2. Reduce the default meeting time. Most people will default to a 30-minute meeting. Why not 15? 10? Meetings should be as short as is required.
    3. Batch meetings together to reduce focus time interruptions. More and more people are recognizing the value in deep work, but it’s becoming increasingly hard to find time for it. This is because our work days are scattered with meetings, dividing the day into blocks of 30 minutes to an hour. By stacking all meetings in the morning, or keeping one day a week meeting-free, we can decrease this hidden meeting cost and thus increase our efficiency. 

Asynchronous communication:

Asynchronous communication is a fancy way of saying anything that is not real-time. Think messaging apps and email, but also shared notes and research.

As mentioned in the previous section, the benefit of messaging tools comes from the speed vs efficiency tradeoff. Where meetings are faster but less efficient, messaging tools are more efficient but less fast. 

Asynchronous communication tools are crucial to a team’s project management system as they enable more efficient communication.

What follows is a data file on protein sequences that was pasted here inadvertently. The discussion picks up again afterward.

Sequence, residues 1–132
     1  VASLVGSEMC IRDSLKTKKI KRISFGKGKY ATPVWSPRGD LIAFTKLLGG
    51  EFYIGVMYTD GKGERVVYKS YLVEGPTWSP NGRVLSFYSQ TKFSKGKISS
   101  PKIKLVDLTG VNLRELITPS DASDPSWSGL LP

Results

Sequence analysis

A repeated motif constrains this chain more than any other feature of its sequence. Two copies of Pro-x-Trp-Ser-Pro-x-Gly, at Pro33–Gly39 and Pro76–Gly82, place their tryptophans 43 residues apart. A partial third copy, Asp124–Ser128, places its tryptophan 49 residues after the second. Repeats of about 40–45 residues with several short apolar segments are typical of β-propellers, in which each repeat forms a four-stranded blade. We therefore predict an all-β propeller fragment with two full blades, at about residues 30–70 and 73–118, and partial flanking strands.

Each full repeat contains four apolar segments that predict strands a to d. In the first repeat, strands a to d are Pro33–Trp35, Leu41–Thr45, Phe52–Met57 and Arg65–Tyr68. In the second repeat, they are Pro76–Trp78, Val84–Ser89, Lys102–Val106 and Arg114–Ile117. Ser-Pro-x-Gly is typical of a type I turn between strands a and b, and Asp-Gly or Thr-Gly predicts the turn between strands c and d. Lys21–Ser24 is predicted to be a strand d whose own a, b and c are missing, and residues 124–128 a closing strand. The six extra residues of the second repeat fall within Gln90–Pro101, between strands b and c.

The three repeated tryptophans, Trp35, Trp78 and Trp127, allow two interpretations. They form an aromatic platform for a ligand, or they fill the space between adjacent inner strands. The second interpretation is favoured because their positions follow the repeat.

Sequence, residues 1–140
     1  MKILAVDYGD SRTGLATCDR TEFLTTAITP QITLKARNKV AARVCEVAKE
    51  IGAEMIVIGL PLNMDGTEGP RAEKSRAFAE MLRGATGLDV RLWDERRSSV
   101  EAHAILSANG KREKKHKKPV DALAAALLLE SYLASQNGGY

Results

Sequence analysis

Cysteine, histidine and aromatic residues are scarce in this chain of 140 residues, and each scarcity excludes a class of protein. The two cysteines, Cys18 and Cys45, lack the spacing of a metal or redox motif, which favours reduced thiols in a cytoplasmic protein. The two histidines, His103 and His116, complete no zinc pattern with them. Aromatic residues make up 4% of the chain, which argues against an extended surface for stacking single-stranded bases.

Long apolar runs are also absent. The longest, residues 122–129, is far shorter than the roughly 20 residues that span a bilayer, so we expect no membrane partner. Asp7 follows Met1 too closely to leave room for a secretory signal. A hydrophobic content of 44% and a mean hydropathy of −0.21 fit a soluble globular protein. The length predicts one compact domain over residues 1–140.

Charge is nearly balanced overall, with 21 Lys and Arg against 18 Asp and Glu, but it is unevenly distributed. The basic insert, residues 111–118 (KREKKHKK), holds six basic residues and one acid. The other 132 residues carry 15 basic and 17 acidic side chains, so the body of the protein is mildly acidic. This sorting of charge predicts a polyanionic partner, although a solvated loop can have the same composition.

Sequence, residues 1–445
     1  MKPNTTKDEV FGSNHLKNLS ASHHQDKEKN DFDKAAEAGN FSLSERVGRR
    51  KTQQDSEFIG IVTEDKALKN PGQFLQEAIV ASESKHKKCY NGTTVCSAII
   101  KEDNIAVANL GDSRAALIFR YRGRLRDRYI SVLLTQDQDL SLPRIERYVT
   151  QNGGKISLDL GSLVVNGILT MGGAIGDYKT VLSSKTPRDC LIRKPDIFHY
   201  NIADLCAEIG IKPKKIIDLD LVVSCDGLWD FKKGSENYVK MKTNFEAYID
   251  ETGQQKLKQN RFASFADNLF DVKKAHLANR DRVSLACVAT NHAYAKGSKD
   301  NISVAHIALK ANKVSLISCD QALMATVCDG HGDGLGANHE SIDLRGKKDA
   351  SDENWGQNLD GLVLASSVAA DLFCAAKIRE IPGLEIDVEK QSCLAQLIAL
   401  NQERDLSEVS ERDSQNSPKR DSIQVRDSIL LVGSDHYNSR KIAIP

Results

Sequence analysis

This comes from their ability to achieve similar outcomes with a lower total time cost. They also disrupt your team’s ability to do deep work less. 

You can reduce the time your organization spends in meetings by increasing the effectiveness of your asynchronous communication. 

This increased efficiency doesn’t come without a cost – in this case, the speed of response. In a meeting, getting an answer from someone on the spot is easy. We’ve all got experience waiting days for an email or message response. 

Our strategies for increasing the effectiveness of your team’s asynchronous communication revolve around reducing this time cost. 

Within your team, everyone has two roles in this: recipient and sender

We’ve provided a few ideas to consider in each role to increase the overall effectiveness of asynchronous communication within your team. 

Tips for senders: